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Self-Care: What It Is and What It’s Not

Let’s get one thing clear: self-care is not heedless splurging.

When done right, self-care can enhance your health, decisions, and day-to-day actions.

So, if self-care is not about overspending on pamper days, what is it exactly?

Self-Care in a Nutshell

The World Health Organization (WHO) defines self care as “the ability of individuals, families, and communities to promote health, prevent disease, maintain health, and to cope with illness and disability with or without the support of a healthcare provider.”

The WHO further asserts that self-care involves personal factors such as autonomy, self-reliance, empowerment, personal responsibility, and self-efficacy.

Emotional Self-Care

Self-care’s centerpiece is the promotion of your health and well-being.

Emotional self-care focuses on ensuring that your emotional needs are met and protected.

A 2014 study of self-care among doctors and palliative care nurses indicated some of the effective strategies they used for emotional self-care include:

  • Massage
  • Yoga
  • Socializing
  • Taking a hot soak
  • Maintaining positive relationships

Moreover, emotional care also involves making time for important activities that you find meaningful. 

Physical

Physical self-care is a vast term that refers to a range of practices.

Physical self-care can include essential daily life activities that many people tend not to follow through during a physical or mental health episode. These basics can include:

  • Skin care
  • Washing and putting on fresh clothes
  • Dental hygiene

Self-care can also include various tasks that can help prevent sickness and diseases. 

Self-medication and seeking care from medical health professionals when required are some of the examples of physical self-care that can help prevent illness.

Other aspects of physical self-care can include the following:

  • Eating a balanced and nutritious meal
  • Getting regular exercise
  • Following health practices that can lessen your risk of disease (i.e., getting vaccinated, wearing sunscreen, not engaging in unprotected sex, avoiding heavy alcohol consumption and smoking, etc.)

Spiritual

Spiritual self-care involves practices that are focused on connecting with your inner being. 

Methods you can use to meet your spiritual needs include:

  • Visiting places of worship
  • Meditation
  • Prayer
  • Reading from religious or spiritual texts 
  • Community involvement
  • Finding joy and seeking peace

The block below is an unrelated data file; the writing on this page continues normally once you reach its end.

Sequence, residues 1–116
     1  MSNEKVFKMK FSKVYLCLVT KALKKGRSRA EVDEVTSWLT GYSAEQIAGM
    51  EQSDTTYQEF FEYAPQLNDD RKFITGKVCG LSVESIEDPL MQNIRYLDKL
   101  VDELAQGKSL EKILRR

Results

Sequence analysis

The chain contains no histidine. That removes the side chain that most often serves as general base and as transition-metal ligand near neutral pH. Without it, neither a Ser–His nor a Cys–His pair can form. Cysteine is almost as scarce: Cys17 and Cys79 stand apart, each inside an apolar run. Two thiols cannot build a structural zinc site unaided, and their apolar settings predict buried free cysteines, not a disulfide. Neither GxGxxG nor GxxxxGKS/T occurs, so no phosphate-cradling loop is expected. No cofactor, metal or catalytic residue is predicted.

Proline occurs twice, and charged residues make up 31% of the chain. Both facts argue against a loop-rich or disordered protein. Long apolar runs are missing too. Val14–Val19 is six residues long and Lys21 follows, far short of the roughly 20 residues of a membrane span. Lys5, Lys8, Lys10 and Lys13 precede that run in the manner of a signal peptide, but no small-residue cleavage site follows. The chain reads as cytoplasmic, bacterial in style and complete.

How to Start Practicing Self-Care

Starting your self-care practice can be overwhelming at first.

For starters, it can be a bit tricky to figure out what self-care methods can benefit you best or what areas of your life you should focus on first.

There is one foolproof method that can set you off the right path: writing.

Many studies have proven the value of taking pen to pad for mental health.

Writing your thoughts down can be:

  • A therapeutic tool that can give you more perspective into yourself and others
  • A healthy hobby
  • A conduit for personal health and development

The author of the New York bestselling book “The Art of Extreme Self-Care: Transform Your Life One Month at a Time,” Cheryl Richardson recommends starting your self-care practice by identifying where you feel most deprived.

Answering the following questions should get your efforts off to a great start:

  • Where do you feel most deprived?
  • What do you need more of right now?
  • What do you need less of?
  • What do you want right now?
  • What are you yearning for?
  • What or who is causing you to feel resentful, and why?
  • What are you starving for?

Richardson recommends that you should be as specific as can be in your responses. 

Being specific can help ensure you can clearly identify what you lack and need.

Richardson also suggested creating a “No List.”

Knowing what you don’t want to do is just as important as knowing what you do want.

Examples that can be included in your No List include:

  • Not rushing
  • Not gossiping
  • Not holding on to things and people you no longer love or need

Your No List will make it clear what you refuse to deal with in your life.

This list can also help you feel safe and protected.

When to Fit in Your Self-Care Practice

While there is no recommended time for your self-care practice, the idea is to ensure you are consistent and you conduct your self-care practice around the same time each day so it’s easier to build the habit.

Over to You

Self-care is not something you should do when you have time. Neither is it a reward that can be gained once you have accomplished all the other things you have set out to do. On the contrary, self-care should be seen as the foundation of your overall health and well-being. Lastly, self-care is not an indulgence. Rather, it is an essential ingredient in the prevention of impairment, burnout, distress, and disease.